1. Agriculture World

Researchers Discover New Way to Grow Cereal Crops with Less Fertilizers

Nitrogen is essential for plant growth, and agricultural operations rely on chemical fertilizers to boost output. However, much of the applied material is lost due to leaching into soils and groundwater. Blumwald's research could lead to a more sustainable solution.

Shivam Dwivedi
Cereal Crops
Cereal Crops

Scientists have discovered a new low-cost method of reducing the amount of nitrogen fertiliser required to grow cereal crops, which is beneficial to both farmers and the environment. Eduardo Blumwald, a distinguished professor of plant sciences, led the study, which discovered a new pathway for cereals to capture the nitrogen they require to grow.

The discovery may also benefit the environment by reducing nitrogen pollution, which can result in contaminated water resources, increased greenhouse gas emissions, and human health problems. The findings were published in Plant Biotechnology.

Nitrogen is essential for plant growth, and agricultural operations rely on chemical fertilizers to boost output. However, much of the applied material is lost due to leaching into soils and groundwater. Blumwald's research could lead to a more sustainable solution.

"Nitrogen fertilizers are prohibitively expensive," Blumwald explained. "Anything you can do to reduce that cost is critical." On the one hand, there is the issue of money, but there is also the issue of nitrogen's harmful effects on the environment."

Blumwald's research focuses on increasing soil bacteria's conversion of nitrogen gas in the air into ammonium, a process known as nitrogen fixation.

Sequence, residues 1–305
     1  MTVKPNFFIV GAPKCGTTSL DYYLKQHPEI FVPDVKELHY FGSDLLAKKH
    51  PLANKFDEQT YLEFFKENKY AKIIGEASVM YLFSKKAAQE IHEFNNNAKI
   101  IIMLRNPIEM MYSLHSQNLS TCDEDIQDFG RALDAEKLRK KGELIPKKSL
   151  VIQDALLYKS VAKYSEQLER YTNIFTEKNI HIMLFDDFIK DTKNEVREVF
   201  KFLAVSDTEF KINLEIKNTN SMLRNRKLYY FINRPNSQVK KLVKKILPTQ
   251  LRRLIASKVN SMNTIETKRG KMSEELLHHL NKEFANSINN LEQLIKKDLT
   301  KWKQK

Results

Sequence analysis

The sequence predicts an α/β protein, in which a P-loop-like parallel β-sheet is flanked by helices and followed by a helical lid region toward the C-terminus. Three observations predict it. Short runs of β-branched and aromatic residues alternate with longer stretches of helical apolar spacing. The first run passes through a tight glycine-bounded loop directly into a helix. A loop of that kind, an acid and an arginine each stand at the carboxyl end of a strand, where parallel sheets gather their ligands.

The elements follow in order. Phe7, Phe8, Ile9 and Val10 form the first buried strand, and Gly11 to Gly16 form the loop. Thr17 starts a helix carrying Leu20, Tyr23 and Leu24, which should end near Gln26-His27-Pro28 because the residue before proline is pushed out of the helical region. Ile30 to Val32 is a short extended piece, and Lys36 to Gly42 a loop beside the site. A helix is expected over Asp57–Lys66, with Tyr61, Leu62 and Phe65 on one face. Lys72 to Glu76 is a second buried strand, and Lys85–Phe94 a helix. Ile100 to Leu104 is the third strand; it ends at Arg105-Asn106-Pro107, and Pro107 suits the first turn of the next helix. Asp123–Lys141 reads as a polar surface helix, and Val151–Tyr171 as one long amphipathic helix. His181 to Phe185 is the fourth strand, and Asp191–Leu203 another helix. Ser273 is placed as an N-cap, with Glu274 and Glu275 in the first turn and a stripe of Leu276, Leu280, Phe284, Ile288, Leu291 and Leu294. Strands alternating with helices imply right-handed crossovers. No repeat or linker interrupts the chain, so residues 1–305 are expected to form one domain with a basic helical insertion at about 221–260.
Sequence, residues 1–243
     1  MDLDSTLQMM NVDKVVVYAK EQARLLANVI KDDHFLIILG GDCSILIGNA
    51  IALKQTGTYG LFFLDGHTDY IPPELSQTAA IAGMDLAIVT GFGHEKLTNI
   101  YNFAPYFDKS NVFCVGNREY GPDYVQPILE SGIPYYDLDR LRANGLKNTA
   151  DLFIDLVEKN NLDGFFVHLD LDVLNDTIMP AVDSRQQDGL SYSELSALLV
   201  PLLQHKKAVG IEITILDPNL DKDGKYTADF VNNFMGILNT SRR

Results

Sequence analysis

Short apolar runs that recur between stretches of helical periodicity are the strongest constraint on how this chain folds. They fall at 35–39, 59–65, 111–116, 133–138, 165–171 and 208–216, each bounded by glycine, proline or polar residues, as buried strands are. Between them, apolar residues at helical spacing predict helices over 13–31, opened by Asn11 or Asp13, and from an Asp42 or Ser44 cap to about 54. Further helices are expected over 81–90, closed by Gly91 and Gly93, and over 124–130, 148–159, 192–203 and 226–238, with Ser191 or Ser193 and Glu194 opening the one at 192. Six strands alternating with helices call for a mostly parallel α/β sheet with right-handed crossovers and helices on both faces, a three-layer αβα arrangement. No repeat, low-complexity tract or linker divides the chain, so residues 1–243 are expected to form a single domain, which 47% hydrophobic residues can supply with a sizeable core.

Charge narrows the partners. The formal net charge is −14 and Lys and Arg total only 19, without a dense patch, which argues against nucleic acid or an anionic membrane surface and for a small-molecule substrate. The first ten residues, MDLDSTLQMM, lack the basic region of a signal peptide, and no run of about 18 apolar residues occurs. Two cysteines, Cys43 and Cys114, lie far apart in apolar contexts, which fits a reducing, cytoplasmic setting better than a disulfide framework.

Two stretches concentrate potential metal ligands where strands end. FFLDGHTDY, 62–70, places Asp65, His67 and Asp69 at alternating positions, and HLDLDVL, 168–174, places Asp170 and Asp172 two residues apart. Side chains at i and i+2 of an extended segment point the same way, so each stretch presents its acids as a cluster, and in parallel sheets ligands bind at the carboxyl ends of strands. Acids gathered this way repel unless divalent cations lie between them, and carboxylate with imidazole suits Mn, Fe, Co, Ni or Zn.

Peanuts and soybeans, for example, have root nodules that can use nitrogen-fixing bacteria to provide ammonium to the plants. Cereal plants, such as rice and wheat, lack this ability and must rely on inorganic nitrogen from fertilizers in the soil, such as ammonia and nitrate.

"If a plant can produce chemicals that cause soil bacteria to fix atmospheric nitrogen gas, we could genetically modify the plants to produce more of these chemicals," Blumwald explained. "These chemicals will stimulate bacterial nitrogen fixation in the soil, and the plants will use the ammonium formed, reducing the amount of fertilizer used."

Blumwald's team used chemical screening and genomics to identify compounds in rice plants that increased the bacteria's nitrogen-fixing activity.

The researchers then identified the chemical pathways and used gene editing technology to increase the production of compounds that stimulated the formation of biofilms. Bacteria in those biofilms improved nitrogen conversion. As a result, the bacteria's nitrogen-fixing activity increased, as did the amount of ammonium in the soil for the plants.

He described plants as "amazing chemical factories." "This could provide a long-term alternative agricultural practice that reduces the use of excessive nitrogen fertilizers."

Other plants could use the pathway as well. The University of California has filed a patent application for the technique, which is currently pending. UC Davis researchers Dawei Yan, Hiromi Tajima, Howard-Yana Shapiro, Reedmond Fong, and Javier Ottaviani contributed to the study, as did Bayer Crop Science's Lauren Cline. Ottaviani is also a Mars Edge research associate.

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